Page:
Ponder in your heart

December 24, 2020 | Jerry Deck

About the author: Jerry and his wife Megan have been involved at ZPC since Jerry answered a call to be our pastor in 2014. They have 4 daughters: Shaughnessy, Adelie, Bromwyn, and Liesel.

This week's scripture: Isaiah 7:10-16

As Advent comes to an end I wonder how the meditation challenge has gone for you? Did it begin with difficulty and, by the end, become a habit? Did it start more easily, but as Christmas grew closer became more challenging? Did it start with difficulty and end being difficult?! For me, the practice of meditation was never something that allured me. It always seemed a bit boring and something that was geared towards introverts or the contemplatives among us. However, over the last couple of years I have felt myself drawn to this intentional act of slowing down, of listening, and of reflecting. In many ways, the more I have done it the more I have felt a need for it. 

Perhaps for this reason I have been increasingly drawn to Mary’s response to the shepherds telling her about their visit from the angels. After hearing something like this my natural inclination (I am probably more “shepherd-like!") would be to jump up and down or high-five Joseph saying, “I told you I saw an angel!” or begin shouting about it to those whom I encountered. But rather than doing these things, at least initially, Mary ponders in her heart what the shepherds told her. In other words, she created the space to simply reflect on what God was doing right there in her midst.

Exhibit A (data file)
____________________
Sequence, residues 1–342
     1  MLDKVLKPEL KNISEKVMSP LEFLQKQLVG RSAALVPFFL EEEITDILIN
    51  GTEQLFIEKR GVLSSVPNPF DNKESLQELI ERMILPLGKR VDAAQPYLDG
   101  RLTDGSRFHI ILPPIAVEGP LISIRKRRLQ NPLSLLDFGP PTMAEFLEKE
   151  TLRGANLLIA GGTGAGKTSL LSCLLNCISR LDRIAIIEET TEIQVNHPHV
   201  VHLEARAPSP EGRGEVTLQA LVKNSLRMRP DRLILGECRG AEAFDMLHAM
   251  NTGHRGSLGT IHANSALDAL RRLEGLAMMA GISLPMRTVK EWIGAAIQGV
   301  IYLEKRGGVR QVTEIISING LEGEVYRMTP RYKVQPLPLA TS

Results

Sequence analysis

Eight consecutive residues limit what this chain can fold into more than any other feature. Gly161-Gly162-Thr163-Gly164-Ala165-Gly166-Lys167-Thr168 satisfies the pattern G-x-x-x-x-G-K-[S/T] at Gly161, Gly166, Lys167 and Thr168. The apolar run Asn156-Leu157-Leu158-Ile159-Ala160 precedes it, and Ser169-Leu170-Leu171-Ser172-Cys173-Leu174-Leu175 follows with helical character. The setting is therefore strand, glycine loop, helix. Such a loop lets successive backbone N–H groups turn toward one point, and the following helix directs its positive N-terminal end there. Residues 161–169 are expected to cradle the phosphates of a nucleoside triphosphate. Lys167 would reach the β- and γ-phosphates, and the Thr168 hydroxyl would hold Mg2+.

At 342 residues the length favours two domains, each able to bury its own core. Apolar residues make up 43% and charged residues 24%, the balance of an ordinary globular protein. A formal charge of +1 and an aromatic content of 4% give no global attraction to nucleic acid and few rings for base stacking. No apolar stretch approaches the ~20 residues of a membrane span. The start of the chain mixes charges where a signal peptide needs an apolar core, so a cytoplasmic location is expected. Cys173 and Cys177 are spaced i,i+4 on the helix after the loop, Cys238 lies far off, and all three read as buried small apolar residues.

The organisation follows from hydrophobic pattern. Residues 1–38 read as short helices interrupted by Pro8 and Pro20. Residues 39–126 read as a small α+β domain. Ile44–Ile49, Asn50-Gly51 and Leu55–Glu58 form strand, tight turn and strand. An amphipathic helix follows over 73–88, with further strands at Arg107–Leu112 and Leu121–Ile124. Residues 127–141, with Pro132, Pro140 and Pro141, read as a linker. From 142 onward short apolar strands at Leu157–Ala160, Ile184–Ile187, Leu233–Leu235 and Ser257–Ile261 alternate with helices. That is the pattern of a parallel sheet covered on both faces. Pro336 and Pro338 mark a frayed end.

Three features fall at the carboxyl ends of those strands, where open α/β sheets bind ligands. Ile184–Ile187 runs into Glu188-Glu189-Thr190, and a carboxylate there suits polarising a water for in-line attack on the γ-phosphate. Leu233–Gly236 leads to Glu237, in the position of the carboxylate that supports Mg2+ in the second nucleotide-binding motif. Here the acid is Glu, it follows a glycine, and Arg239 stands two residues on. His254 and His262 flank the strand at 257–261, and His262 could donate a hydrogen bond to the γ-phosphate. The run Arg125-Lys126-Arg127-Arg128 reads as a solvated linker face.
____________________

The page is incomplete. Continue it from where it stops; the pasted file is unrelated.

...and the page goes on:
I have shared with you all before a line from the book The Church as Movement, that has really stuck with me over the last few years.  It says that we need to continually engage in the practice of moving “from unconscious busyness to conscious habitation.”  One could easily imagine that after giving birth to her first child in an uncomfortable place and far from her familiar surroundings, that Mary’s mind would have been a blur and I’m sure that Mary was not immune to that (how could she be?!). And yet, in this incredibly tumultuous and earth-shattering time, she makes sure to not run from one thing to the next, but instead to be fully present to what God was doing. (Luke 2:8-20) Pondering, or meditating, allows us to not miss where Jesus is being born. It keeps us from running right by him, so to speak.

While this 40-day meditation challenge has come to an end I hope that you will consider continuing this important practice. And as we do so, I pray that we will experience in deeper ways and how God is truly Emmanuel, God with us. 

Merry Christmas, ZPC!